Frisco Planning First Multi-Lane Roundabout for 2015

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    NEWSLETTERS

    By 2015, drivers in Frisco may need to master the art of yielding. If the proper funding comes through, Brian Moen, assistant director of engineering, said the city is planning to break ground on its first multi-lane roundabout.

    By 2015, drivers in Frisco may need to master the art of yielding. If the proper funding comes through, Brian Moen, assistant director of engineering, said the city is planning to break ground on its first multilane roundabout.

    The project is slated for Ohio Drive at Warren Parkway, which is a four-way stop right now. "We’ve been having a few issues in how that operates,” Moen said.

    While the city considered putting in a traffic light, Moen said roundabouts are becoming preferable nationally to lights when a stop sign isn’t properly helping with traffic flow.

    Frisco originally was planning on three roundabouts, all in the Ohio Drive corridor, however, after years of internal discussion and public meetings over the past year, it has decided to start with one.

    Officials said some of the benefits to roundabouts include less idling time for drivers, keeping traffic flowing and decreasing injury crashes.

    Moen said studies show that in a roundabout, if a driver is involved in crash, it was likely a 15 mph sideswipe as opposed to being T-boned at a four-way intersection. He adds roundabouts are becoming increasingly popular.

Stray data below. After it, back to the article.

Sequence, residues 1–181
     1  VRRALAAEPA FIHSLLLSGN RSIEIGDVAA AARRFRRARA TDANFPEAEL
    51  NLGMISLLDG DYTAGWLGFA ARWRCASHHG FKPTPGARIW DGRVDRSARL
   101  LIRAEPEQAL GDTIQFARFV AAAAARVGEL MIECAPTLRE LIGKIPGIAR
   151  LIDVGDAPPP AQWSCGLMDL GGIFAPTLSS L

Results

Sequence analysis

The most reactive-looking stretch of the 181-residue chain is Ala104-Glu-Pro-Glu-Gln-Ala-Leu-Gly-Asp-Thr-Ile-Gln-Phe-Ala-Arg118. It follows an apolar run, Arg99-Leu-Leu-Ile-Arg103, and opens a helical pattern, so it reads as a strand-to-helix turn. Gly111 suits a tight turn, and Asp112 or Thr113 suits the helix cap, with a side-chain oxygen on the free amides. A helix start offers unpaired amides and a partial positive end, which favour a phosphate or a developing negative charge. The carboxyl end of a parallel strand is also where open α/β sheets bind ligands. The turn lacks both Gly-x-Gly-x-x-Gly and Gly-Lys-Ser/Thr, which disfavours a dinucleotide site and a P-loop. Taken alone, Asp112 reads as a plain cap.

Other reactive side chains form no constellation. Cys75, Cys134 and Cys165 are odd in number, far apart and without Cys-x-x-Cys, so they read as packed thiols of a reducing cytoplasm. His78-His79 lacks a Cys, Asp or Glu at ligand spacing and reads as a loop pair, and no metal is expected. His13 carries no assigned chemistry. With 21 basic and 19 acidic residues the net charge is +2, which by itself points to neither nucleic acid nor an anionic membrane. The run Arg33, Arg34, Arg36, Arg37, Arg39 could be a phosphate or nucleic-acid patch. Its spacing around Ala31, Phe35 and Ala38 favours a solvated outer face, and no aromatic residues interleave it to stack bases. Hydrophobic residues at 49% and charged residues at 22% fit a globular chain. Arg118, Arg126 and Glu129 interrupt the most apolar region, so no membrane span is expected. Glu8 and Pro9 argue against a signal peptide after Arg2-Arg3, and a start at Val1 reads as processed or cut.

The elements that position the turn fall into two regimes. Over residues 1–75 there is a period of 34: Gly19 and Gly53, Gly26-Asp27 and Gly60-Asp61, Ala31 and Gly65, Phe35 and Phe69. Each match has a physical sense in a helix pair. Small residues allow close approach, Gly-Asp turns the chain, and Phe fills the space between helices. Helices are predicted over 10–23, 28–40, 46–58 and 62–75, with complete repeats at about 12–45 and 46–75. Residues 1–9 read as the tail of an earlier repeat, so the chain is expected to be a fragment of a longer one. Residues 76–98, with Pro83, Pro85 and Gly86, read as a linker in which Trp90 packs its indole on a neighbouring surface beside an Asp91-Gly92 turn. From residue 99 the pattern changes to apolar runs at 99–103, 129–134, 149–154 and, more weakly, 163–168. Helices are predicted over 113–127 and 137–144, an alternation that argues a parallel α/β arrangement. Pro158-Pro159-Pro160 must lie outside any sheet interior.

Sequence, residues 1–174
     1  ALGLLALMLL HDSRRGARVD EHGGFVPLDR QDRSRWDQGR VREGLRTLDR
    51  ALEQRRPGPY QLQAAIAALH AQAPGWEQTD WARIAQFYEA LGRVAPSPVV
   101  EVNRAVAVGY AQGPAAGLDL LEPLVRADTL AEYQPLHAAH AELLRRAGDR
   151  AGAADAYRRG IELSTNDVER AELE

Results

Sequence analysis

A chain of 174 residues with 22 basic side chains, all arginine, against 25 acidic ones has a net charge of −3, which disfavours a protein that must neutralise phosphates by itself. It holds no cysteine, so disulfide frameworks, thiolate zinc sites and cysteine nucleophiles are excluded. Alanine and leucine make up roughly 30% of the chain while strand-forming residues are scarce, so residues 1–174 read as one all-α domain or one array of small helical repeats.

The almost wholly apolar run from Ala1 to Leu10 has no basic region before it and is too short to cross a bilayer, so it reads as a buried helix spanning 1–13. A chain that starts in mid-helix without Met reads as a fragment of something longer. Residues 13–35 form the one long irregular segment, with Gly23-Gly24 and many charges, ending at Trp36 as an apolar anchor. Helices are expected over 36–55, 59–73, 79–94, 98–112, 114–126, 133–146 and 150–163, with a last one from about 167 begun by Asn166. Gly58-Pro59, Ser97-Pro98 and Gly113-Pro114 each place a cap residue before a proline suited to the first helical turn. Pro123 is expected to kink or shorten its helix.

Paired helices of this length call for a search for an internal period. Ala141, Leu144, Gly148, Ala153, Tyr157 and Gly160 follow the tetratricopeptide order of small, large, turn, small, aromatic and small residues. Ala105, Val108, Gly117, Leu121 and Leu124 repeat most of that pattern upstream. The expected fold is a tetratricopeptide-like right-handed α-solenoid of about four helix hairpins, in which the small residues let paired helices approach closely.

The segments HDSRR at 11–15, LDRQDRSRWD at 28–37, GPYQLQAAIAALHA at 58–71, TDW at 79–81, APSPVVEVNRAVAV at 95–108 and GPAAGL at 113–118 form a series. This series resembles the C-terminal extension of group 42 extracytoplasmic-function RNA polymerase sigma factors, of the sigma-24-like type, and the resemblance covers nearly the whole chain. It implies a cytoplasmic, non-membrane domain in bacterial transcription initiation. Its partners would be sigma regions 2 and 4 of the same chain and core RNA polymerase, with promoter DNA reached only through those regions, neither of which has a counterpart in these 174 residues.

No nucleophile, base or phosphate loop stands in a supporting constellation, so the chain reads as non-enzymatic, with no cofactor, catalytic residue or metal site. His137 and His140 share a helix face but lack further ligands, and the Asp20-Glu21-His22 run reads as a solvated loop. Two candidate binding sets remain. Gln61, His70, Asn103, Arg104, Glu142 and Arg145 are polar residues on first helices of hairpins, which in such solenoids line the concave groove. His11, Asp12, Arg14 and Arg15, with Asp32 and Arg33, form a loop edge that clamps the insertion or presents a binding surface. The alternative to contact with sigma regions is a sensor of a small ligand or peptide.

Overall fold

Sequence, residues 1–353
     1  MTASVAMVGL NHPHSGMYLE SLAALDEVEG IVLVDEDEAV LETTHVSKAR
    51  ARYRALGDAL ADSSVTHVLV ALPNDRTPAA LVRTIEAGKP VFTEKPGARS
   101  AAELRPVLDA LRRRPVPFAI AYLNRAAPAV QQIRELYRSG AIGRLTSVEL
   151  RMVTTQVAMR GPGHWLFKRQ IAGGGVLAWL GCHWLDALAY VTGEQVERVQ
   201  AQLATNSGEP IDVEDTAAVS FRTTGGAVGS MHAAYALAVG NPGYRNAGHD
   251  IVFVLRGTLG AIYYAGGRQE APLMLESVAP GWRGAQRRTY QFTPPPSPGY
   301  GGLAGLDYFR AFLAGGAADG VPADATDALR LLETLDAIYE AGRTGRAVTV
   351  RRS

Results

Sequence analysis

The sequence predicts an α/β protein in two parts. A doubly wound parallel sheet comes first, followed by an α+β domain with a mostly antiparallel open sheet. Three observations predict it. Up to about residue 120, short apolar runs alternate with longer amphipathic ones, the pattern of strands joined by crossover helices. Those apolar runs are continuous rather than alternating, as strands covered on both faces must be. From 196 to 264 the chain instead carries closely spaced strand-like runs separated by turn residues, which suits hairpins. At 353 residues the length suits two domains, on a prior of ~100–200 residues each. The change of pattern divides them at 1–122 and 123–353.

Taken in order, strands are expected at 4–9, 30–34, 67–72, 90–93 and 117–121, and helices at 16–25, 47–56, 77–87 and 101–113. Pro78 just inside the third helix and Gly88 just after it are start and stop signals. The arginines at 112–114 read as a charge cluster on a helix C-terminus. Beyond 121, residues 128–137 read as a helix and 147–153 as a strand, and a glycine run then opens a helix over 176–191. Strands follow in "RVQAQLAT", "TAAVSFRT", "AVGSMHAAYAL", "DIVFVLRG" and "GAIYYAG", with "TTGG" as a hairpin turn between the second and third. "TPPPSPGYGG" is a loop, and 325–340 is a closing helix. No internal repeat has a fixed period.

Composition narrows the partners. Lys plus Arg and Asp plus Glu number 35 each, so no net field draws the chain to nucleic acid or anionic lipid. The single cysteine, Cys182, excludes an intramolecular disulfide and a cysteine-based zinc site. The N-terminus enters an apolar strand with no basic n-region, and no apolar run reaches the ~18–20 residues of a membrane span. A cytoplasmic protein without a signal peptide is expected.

Within city limits, developers have presented designs for residential neighborhood roundabouts in areas of new construction. Those intersections are on a much smaller scale than the one the city is designing.

    However, one of them is right in front of Rebekah Hickman’s home in Philips Creek Ranch.

    "In a neighborhood where there aren’t many people and it’s still being built up — I can understand," she said. "I don’t mind it at all."

    Other neighbors said the roundabouts help control traffic speeds without having to install unsightly speed bumps. However, Hickman said she has concerns about using the design in high traffic areas, mostly because drivers aren’t used to them.

    "People don’t get them — and even in a regular situation, they’ll fail to yield to you,” she said.

    Driver education will be a top priority for the city during pre-construction and after the intersection changes.

    "A lot of times, human nature is resistant to change," Moen said. "I think a lot of people are cautious and anxious to see how it’s going to turn out."

    Construction may begin as early as January 2015.